First of all, they do not possess spell casting powers at first level, a cleric's spell progression starts at second level (I simply and easily "move the chart down", i.e.: read the first line as pertaining to second levl clerics and so on), these miracle-workers must prove themselves to their gods. Secondly, a high wisdom score does not grant any bonus spells. Such powers must be earned, and as a result of this decision, I no longer need to worry about the players of magic-users complaining that they should get bonus spells for a high intelligence score... Thirdly, a cleric (including the ecclesiast and the shaman, but excluding the druid) must retain a prayer book detailing the varied miracles that they are able to invoke. Analogous to a magic-user's spell book, this prayer book (in the case of the shaman, this is usually a collection of fetishes, inscribed bracelets, or the like) allows the cleric to prepare their spells. This limits the cleric to a select number of spells, allowing the customisation of different faiths but avoiding the creation of thousands of different spell lists. These three things limit the spell-casting power of the cleric, but also free them from the burden of having to be the healer as the DM may not alot any healing spells to them.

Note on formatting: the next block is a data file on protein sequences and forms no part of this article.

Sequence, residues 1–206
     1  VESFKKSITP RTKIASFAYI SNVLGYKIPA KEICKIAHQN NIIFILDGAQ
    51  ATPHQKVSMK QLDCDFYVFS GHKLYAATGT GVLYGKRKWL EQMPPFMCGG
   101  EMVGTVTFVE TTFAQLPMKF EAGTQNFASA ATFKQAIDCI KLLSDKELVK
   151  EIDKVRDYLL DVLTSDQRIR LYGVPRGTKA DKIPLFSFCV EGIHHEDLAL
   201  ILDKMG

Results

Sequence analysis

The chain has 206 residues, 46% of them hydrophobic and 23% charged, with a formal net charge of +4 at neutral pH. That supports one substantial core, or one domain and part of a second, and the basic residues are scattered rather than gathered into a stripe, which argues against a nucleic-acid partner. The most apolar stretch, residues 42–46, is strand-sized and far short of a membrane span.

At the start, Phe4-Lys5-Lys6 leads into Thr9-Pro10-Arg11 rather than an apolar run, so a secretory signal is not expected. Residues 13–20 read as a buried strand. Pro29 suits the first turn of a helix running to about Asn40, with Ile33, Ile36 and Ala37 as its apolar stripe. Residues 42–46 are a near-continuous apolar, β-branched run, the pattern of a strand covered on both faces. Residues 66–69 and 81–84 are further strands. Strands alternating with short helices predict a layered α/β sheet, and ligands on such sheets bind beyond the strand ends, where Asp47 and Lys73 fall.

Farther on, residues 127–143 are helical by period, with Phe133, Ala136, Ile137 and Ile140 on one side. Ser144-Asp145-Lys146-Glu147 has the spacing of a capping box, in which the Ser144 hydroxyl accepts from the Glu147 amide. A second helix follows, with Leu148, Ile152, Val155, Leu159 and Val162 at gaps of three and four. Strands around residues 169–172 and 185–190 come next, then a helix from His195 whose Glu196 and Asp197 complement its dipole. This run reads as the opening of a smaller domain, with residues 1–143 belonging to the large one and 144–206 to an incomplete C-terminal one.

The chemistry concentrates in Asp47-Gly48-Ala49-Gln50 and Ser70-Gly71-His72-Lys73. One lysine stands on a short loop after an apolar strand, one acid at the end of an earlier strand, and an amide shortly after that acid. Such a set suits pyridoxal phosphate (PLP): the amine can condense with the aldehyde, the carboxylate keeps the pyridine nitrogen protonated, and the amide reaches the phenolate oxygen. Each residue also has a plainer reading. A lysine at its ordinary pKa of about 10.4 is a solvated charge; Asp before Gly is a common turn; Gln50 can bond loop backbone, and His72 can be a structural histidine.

The thief is a rather different problem. One that I am, as yet, unsure of the correct course of action. I do not want to strengthen their combat abilities as they strike me as less of a direct combatant than any other class. I am tempted to improve the chances of success at thieving abilities at lower levels, but what then? What is there for high level thieves? And yet, I like the class and want it to thrive in its odd little niche...

More thoughts later.


The Jade Mask said...

When you first mentioned this article to me, specifically mentioning the reluctance of players to roll up a Cleric, my knee-jerk reaction was the aforementioned peer pressure involved in being the party's bandaid. While I think this is likely the most common reason for the reluctance, I wonder if there might not be other concerns.
In most editions prior to 3e, the Cleric's spell list was often a little...lackluster. Not horribly, but I confess to feeling a greater satisfaction at the idea of having Fireball and Magic Missile in my casting repetoire than I do with, for instance, Locate Object and Bless. But I'll cheerily admit that Blade Barrier and Flamestrike are fun.
Another thought revolves around independence. The Cleric is, ultimately, a servant, plugged directly into a religious hierarchy. Even if he answers directly to his deity he is still, at the end of the day, someone else's dog. This can rankle with gamers who are by and large an independently-minded bunch.
Continuing in that vein is the possibility of simple discomfort with playing a religiously themed character, of course. But I'll delve no more deeply into that.
....none of this is inherently useful I suspect, but still, I wanted to add my two bits.
No idea what to do about the poor Thief though.